Forgiveness - a Word we Forget so Often
Jul 9, 2016
“We Christians have to apologize for so many things, not just for this (treatment of gays), but we must ask for forgiveness, not just apologize. Forgiveness — Lord, it is a word we forget so often.” - Pope Francis on his way back from a trip to Armenia
What a startling comment from the leader of the Roman Catholic Church! I welcome it and embrace it even as I know Pope Francis will be crucified for this statement. For how many eons has the Church postured itself as the modality of righteousness much to the distress of helpless victims who are condemned and exiled. In another remarkable moment of the same press conference Pope Francis was asked:
“Holy Father, I wanted to ask you a question. Today you spoke of the gifts of the shared Churches, of the gifts shared by the Churches together. Seeing that you will go in I believe four months to Lund for the commemoration of the 500th anniversary of the reformation, I think perhaps this is also the right moment for us not only to remember the wounds on both sides but also to recognize the gifts of the reformation. Perhaps also — this is a heretical question — perhaps to annul or withdraw the excommunication of Martin Luther or of some sort of rehabilitation. Thank you.”
Pope Francis: I think that the intentions of Martin Luther were not mistaken. He was a reformer. Perhaps some methods were not correct. But in that time, if we read the story of the Pastor, a German Lutheran who then converted when he saw reality — he became Catholic — in that time, the Church was not exactly a model to imitate. There was corruption in the Church, there was worldliness, attachment to money, to power...and this he protested. Then he was intelligent and took some steps forward justifying, and because he did this. And today Lutherans and Catholics, Protestants, all of us agree on the doctrine of justification. On this point, which is very important, he did not err. He made a medicine for the Church, but then this medicine consolidated into a state of things, into a state of a discipline, into a way of believing, into a way of doing, into a liturgical way and he wasn’t alone; there was Zwingli, there was Calvin, each one of them different, and behind them were who? Principals! We must put ourselves in the story of that time. It’s a story that’s not easy to understand, not easy.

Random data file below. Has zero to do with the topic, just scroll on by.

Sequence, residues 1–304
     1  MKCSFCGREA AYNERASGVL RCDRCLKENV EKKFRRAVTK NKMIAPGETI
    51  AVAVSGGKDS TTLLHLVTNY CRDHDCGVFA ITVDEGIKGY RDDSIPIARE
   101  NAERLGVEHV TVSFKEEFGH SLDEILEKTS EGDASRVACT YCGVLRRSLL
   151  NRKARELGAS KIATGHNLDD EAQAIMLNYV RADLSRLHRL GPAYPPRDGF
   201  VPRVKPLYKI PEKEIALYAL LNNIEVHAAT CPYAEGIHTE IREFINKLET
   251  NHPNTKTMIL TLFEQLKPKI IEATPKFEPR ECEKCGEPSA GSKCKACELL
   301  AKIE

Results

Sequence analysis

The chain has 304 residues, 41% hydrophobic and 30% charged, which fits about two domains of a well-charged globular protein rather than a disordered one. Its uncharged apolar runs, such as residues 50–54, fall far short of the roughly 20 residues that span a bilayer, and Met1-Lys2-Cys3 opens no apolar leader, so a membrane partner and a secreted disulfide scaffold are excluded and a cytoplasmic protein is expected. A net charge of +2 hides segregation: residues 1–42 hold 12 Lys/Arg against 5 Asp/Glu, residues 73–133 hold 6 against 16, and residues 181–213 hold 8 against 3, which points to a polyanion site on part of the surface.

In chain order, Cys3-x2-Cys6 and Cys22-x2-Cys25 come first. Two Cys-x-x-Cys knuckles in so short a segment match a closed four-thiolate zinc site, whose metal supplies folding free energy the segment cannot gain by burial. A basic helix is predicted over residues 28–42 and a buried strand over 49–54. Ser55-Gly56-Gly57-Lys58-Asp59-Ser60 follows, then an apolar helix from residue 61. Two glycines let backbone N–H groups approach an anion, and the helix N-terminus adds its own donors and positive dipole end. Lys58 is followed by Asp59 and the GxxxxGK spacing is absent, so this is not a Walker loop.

Then things went forward, and today the dialogue is very good. That document of justification I think is one of the richest ecumenical documents in the world, one in most agreement. But there are divisions, and these also depend on the Churches. In Buenos Aires there were two Lutheran churches, and one thought in one way and the other...even in the same Lutheran church there was no unity; but they respected each other, they loved each other, and the difference is perhaps what hurt all of us so badly and today we seek to take up the path of encountering each other after 500 years. I think that we have to pray together, pray. Prayer is important for this. Second, to work together for the poor, for the persecuted, for many people, for refugees, for the many who suffer; to work together and pray together and the theologians who study together try...but this is a long path, very long. One time jokingly I said: I know when full unity will happen. — “When?” — “the day after the Son of Man comes,” because we don’t know ... the Holy Spirit will give the grace, but in the meantime, praying, loving each other and working together.
I am not going to comment much more on these two remarkable statements; I think they speak for themselves giving good guidance for those who can listen.